# Simple 1.5V LED Torch circuit

Many people like this circuit It is surprising 1.5V battery can drive LED torch circuit, but some say that the circuit not work.

Today I would like to introduce simple 1.5V LED torch circuit which also uses single AA 1.5V battery. But there are fewer parts. Such as we use one transistor only. And all other parts of 5 pcs only. So easy to build.

## The working LED torch circuit

As Figure 1 is circuit diagram, we also the principle of the switching supply.

The circuit includes a simple oscillator, a rectifier and dc filter. In the simple oscillator generator, we use transistor-CS9013 and coil L1, L2 as main parts. Which both coils are turned on the same toroidal core like a general transformer.

When we apply the supply voltage to L1 to R1-50 ohms and to bias a base of 9013 transistors, so it conducts current. And then the too much current will flow through L1. It cause have current through the inductor L2 in the reverse direction. Therefore at a collector of CS9013 so have a high frequency fluctuating voltage.

Then it will flow through a diode-1N4007 to rectifier AC to DC voltage and have Capacitors-100uF 16V to filter current to smooth.

Now output has voltage about 4.6V (no load) when we apply LED will drop the voltage to 2.6V can drive to Ultra-bright LED.

Capacitors-470uF 16V at the input is used to add Optimization of battery voltage.

## Build winding coil of LED torch

I use this coil inductor : because it is free. Toroidal core used is recycled from defective CFL.

Figure 2
I use copper wires or #30 AWG magnetic wire.
L1 is a feedback winding coil on 5 turns.
L2 is a primary winding coil on 10 turns.

Read also: DIY Flashing Bicycle LED Taillight Circuit

But if no output or the circuit is not working (no oscillation in winding), try to reconnect the winding as follows.

1. Short number 1 and 3 together and connect it to the positive part of the 1.5V supply
2. Number 4 of the winding is connected to 56 ohms resistor.
3. Number 2 of the winding is connected to the collector of the transistor.

This circuit have a few parts so I assemble them on the universal perforated board as Figure 3.

Figure 3. Testing the Simple LED torch using single AA 1.5V Battery

## Also : LED torch circuits

Good Feedback from friesays
Dav say to me this is very useful! read below:

Hello Momename,

Nice little joule thief circuit, I very much enjoyed this posting.

I was able to use a much larger toroid and a TIP31 transistor, and it worked just fine.
Surprised me because I usually see a larger voltage supply used with the TIP31.

I had a 50 to 10 turn ratio on my much larger toroid.

The size of the resistor did not appear to matter, as it *also* worked with a 10k ohm for me.

Finally, this delivered 2.5V DC for me, as you state in the article. I noticed that when I removed the smaller capacitor, it delivered about 1.5 VAC.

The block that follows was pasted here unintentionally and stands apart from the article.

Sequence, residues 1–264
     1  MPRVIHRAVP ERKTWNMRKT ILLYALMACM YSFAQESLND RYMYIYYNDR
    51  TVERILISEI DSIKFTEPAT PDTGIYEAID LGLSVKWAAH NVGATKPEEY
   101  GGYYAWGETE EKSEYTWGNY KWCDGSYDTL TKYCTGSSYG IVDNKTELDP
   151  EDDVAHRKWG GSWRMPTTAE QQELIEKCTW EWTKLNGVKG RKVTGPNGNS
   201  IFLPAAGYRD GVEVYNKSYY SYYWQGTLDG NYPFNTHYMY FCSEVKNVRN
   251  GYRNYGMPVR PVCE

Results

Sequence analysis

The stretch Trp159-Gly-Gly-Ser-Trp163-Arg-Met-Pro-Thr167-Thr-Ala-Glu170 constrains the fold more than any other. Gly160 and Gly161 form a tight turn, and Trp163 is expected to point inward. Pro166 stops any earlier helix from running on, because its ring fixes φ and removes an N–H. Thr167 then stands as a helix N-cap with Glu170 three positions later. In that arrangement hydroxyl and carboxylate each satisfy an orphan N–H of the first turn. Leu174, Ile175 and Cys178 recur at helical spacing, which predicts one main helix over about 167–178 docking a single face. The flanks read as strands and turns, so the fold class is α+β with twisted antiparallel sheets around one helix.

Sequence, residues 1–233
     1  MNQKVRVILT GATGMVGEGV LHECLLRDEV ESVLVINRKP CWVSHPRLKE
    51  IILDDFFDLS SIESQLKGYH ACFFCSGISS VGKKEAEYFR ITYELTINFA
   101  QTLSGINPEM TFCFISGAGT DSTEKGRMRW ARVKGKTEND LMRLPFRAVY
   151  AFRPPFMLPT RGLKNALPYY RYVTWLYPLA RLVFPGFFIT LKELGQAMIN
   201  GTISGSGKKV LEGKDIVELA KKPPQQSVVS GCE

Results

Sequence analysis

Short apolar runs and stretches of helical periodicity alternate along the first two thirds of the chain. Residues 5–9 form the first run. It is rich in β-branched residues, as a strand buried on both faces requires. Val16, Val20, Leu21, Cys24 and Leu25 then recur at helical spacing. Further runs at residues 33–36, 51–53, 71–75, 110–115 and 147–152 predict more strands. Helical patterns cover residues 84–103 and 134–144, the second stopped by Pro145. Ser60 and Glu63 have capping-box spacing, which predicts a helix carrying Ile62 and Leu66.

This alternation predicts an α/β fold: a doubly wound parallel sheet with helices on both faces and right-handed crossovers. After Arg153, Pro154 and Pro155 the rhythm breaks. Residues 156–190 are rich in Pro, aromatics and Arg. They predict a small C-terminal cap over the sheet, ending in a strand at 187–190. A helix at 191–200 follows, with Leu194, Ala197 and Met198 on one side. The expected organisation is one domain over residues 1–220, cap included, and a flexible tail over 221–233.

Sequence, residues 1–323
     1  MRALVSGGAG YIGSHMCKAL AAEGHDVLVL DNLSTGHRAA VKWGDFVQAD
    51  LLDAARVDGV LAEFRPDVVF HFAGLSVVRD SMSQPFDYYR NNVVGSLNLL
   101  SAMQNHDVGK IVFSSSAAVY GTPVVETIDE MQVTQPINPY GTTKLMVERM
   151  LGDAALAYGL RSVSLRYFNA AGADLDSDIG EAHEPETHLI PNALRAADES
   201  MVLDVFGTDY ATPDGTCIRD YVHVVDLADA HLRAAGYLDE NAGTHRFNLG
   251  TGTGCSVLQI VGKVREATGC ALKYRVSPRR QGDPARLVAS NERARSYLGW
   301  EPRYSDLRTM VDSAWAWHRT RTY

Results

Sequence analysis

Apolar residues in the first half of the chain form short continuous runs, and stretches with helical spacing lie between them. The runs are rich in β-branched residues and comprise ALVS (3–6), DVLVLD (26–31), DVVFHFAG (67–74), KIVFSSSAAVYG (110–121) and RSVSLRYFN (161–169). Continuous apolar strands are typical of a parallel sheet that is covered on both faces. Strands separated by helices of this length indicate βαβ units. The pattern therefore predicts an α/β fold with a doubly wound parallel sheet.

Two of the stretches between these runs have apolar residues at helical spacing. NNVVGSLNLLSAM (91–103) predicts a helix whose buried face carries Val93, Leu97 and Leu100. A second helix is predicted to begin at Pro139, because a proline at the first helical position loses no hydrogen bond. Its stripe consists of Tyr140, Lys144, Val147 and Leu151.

For me, using the TIP31 transistor, my version did not work with a ‘dead’ battery. I needed to have about 1.2 V battery (or more) to light the LED.

I would imagine just about any low voltage transistor should work with it, such as a 2N3906 or 2222.

I should think that it would also work with a voltage multiplier (using 1N4007 diodes), but what I want to try next is this design with about 300 windings on the toroid (for AC output).

During my first attempt to build this one, it was not clear (to me) exactly how to connect the capacitors on the breadboard. (I had a little confusion regarding your layout of the capacitors.)

I was thinking that for those with problems, maybe a close up of the breadboard might be helpful.

Thank you very much!
– Dave

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### 9 thoughts on “Simple 1.5V LED Torch circuit”

1. I am a electrical engineer .I want to assemble a hand fan with a DC motor which will run on mobile battery .send me the circuit diagram

2. Dear sir, pls suggest me how to get about 18-20 volt from 6v battery..

3. Can i use this above circuit to replace 6v

4. Hi, Abhishek Anand
Do you need DC3.8V to 12VDC converter circuit?
How many current of DC motor normally use?

5. Hello Momename,

Nice little joule thief circuit, I very much enjoyed this posting.

I was able to use a much larger toroid and a TIP31 transistor, and it worked just fine.
Surprised me because I usually see a larger voltage supply used with the TIP31.

I had a 50 to 10 turn ratio on my much larger toroid.

The size of the resistor did not appear to matter, as it *also* worked with a 10k ohm for me.

Finally, this delivered 2.5V DC for me, as you state in the article. I noticed that when I removed the smaller capacitor, it delivered about 1.5 V AC.

For me, using the TIP31 transistor, my version did not work with a ‘dead’ battery. I needed to have about 1.2 V battery (or more) to light the LED.

I would imagine just about any low voltage transistor should work with it, such as a 2N3906 or 2222.

I should think that it would also work with a voltage multiplier (using 1N4007 diodes), but what I want to try next is this design with about 300 windings on the toroid (for AC output).

During my first attempt to build this one, it was not clear (to me) exactly how to connect the capacitors on the breadboard. (I had a little confusion regarding your lay out of the capacitors.)

I was thinking that for those with problems, maybe a close up of the breadboard might be helpful.

Thank you very much!
– Dave

6. Hi,Dave.
Thanks a lot for your feedback.